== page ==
Ross welcomes Santana Garrett to the show.
Garrett informs that she had a terrific time participating in the Mae Young Classic. Ross mentions that he was very impressed by her in that tournament and he had a great time calling the action in that tournament as well. He showed up to that booking in Orlando prepared to treat it like just another gig, but after speaking to all the women individually and seeing how much passion they all had, he knew he was a part of something important and he became enthralled in the action.
He congratulates Garrett on her rise through the indie ranks as of late, but he warns her to take care of her money because taxes never stop and eventually your wrestling career will. Garrett mentions that she’s taking care of her money and luckily she has another income to fall back on. She studied sleep medicine and works in that field, but she admits that she has focused a lot more of her time on wrestling recently.
Garrett mentions that things have come a long way on the indies in terms of booking possibilities as well as financial payoffs. She recalls working for experience early on in her career and she’d be paid pickles – literally, she was paid a jar of pickles. Nowadays, she’s grateful to be earning more than that and she never takes that for granted.
Ross points out that if anyone is interested in booking Santana you can reach her at email@example.com.
Ross welcomes Jerry Lawler to the show for part two of his interview.
Ross asks Lawler if he was able to watch Ric Flair’s 30 for 30 documentary. Lawler informs that he did watch it and he enjoyed it overall. However, he wasn’t a fan of the animation that persisted throughout the documentary, and he also thought that the documentary presented Flair in a negative light. He says that Flair is a great guy and he really likes him, but if you didn’t know Flair, this documentary would make you think that he wasn’t a very nice person.
Lawler says that anytime Flair is around media people he’s ‘on’, and the Ric Flair character becomes his natural personality. For this reason, Lawler believes that the filmmakers may have gotten the wrong impression of Flair, and then portrayed him negatively in the film because of that.
Ross asks Lawler about his favourite WrestleManias. Lawler mentions that he loved calling WrestleMania 23, with Donald Trump and Vince McMahon bearing the majority of the promotional weight of that event. Ross and Lawler also agree that WrestleMania 18 in Toronto was very special as Hulk Hogan squared off against The Rock.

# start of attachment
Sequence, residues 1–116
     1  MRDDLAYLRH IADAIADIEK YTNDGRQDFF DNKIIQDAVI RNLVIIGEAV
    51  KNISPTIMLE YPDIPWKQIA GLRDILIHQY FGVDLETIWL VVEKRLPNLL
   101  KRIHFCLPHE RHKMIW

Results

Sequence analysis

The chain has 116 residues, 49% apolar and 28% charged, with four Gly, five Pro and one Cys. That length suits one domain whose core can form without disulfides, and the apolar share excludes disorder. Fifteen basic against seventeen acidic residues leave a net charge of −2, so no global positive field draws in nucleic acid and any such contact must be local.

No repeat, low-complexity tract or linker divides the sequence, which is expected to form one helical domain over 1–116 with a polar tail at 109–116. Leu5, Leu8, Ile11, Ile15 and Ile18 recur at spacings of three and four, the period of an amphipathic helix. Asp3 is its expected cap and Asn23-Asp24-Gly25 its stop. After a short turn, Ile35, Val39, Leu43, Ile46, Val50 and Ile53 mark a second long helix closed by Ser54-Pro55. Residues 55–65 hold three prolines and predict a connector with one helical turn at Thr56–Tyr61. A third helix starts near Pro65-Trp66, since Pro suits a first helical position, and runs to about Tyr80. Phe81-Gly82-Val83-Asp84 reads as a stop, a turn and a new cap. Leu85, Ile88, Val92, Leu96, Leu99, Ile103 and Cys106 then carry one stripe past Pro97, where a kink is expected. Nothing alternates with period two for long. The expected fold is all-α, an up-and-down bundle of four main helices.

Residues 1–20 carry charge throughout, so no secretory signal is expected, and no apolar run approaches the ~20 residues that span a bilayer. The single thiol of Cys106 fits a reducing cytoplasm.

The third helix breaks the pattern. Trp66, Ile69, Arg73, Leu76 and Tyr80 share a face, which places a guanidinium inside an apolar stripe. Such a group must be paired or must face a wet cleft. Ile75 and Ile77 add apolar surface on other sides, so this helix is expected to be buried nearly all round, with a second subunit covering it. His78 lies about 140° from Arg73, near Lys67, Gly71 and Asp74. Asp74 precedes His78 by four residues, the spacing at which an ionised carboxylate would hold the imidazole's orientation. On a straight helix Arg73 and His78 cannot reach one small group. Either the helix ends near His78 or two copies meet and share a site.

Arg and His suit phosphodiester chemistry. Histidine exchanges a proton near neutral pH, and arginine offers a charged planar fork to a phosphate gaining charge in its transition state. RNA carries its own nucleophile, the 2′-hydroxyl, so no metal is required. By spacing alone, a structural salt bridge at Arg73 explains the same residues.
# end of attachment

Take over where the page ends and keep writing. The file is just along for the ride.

The thing that made the Hogan/Rock match so special in Lawler’s mind, is that once the crowd started to show their appreciation for Hogan, The Rock willingly switched roles and sided more heavily in the heel role. Lawler gained a lot of respect for Rock that night due to his willingness to act on the fly and switch roles in order to make the match more memorable for everyone.
Ross and Lawler both admit that they hated attending WWE’s production meetings prior to television tapings. After some time, Lawler convinced McMahon that his commentary was better when he could react on the fly without knowing what was coming. McMahon agreed and let Lawler skip the meetings from that point on.
One of Lawler’s biggest pet peeves in the business today is that wrestling promotions have let in-ring moves become more important than storylines. Lawler says they’d never let moves become more important than the storylines back in the day because they needed to sell tickets every week. They needed captivating stories in order to keep fans invested from one week to the next, and he thinks they accomplished that in Memphis because they averaged 8,000 fans at each show over a 20-year period in Memphis.
Lawler mentions that he has a podcast now entitled, ‘Dinner With the King’. He was always hesitant about being a guest on other people’s podcasts and he never thought he’d ever have his own.
That sums up this week’s episode of The Ross Report. You can listen to the show yourself anytime here, and I’ll catch ya next week for another recap!